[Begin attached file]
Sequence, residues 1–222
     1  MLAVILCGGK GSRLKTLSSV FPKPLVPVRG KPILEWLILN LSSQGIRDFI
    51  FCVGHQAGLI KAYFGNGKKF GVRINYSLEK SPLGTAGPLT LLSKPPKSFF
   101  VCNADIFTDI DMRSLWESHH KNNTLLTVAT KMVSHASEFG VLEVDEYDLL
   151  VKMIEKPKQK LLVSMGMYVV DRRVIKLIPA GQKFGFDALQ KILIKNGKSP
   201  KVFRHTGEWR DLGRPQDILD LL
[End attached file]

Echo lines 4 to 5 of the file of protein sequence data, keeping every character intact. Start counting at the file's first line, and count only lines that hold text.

   101  VCNADIFTDI DMRSLWESHH KNNTLLTVAT KMVSHASEFG VLEVDEYDLL
   151  VKMIEKPKQK LLVSMGMYVV DRRVIKLIPA GQKFGFDALQ KILIKNGKSP